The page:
Hundreds of Muslims in western China are engaged in a standoff with authorities to prevent their mosque from being demolished.
Officials said the newly completed Weizhou Grand Mosque in Ningxia had not been given proper building permits. But worshippers refused to back down – one resident said they “won’t let the government touch the mosque”.
China is home to some 23 million Muslims, and Islam has been prominent in Ningxia province for centuries.
But rights groups say there is increasing official hostility towards Muslims in China, and foreign religious influences in particular.
The mosque, which has several soaring minarets and domes, is built in a Middle Eastern style.
Officials had on 3 August posted a notice that the mosque would be “forcibly demolished” as it had not been granted the necessary planning and construction permits.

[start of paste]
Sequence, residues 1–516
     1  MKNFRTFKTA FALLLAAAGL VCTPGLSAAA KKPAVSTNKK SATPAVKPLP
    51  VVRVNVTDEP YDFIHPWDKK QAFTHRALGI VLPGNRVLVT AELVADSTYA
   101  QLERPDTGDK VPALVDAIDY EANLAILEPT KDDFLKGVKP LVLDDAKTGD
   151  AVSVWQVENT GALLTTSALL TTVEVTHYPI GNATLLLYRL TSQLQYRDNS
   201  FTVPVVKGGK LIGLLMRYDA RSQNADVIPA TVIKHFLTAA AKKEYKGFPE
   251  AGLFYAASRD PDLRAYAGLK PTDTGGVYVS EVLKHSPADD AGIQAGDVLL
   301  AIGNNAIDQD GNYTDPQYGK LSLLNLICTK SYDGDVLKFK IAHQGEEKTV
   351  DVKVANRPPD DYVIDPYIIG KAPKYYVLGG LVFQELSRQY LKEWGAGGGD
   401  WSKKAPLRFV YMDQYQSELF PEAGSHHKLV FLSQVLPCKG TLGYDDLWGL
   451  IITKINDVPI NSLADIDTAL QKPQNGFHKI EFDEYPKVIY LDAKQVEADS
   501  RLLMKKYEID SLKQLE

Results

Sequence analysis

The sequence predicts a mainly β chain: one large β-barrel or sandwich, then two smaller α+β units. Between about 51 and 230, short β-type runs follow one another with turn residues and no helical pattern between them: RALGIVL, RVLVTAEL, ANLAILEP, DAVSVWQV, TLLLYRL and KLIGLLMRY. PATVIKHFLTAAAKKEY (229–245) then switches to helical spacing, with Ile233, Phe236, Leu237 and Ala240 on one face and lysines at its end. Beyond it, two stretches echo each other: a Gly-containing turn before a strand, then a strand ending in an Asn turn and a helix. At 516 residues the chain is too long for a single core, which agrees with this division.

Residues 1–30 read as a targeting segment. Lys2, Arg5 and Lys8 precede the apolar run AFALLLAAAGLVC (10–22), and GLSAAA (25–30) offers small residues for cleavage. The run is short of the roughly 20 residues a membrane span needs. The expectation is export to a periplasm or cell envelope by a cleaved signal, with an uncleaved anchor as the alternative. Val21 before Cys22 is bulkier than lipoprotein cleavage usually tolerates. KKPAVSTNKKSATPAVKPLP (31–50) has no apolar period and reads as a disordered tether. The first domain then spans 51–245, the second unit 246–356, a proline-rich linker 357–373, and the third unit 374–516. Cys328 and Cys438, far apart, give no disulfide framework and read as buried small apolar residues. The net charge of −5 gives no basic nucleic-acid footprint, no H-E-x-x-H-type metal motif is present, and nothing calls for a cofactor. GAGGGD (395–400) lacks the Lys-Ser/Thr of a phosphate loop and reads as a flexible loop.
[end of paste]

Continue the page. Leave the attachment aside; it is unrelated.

Many questioned why authorities did not stop construction of the mosque, which took two years to complete, if it had not been granted relevant permits, according to the Hong Kong-based South China Morning Post newspaper.
Protests were held outside the mosque on Thursday and continued into Friday, say the reports. One resident said talks between the Hui community and the government had reached an impasse.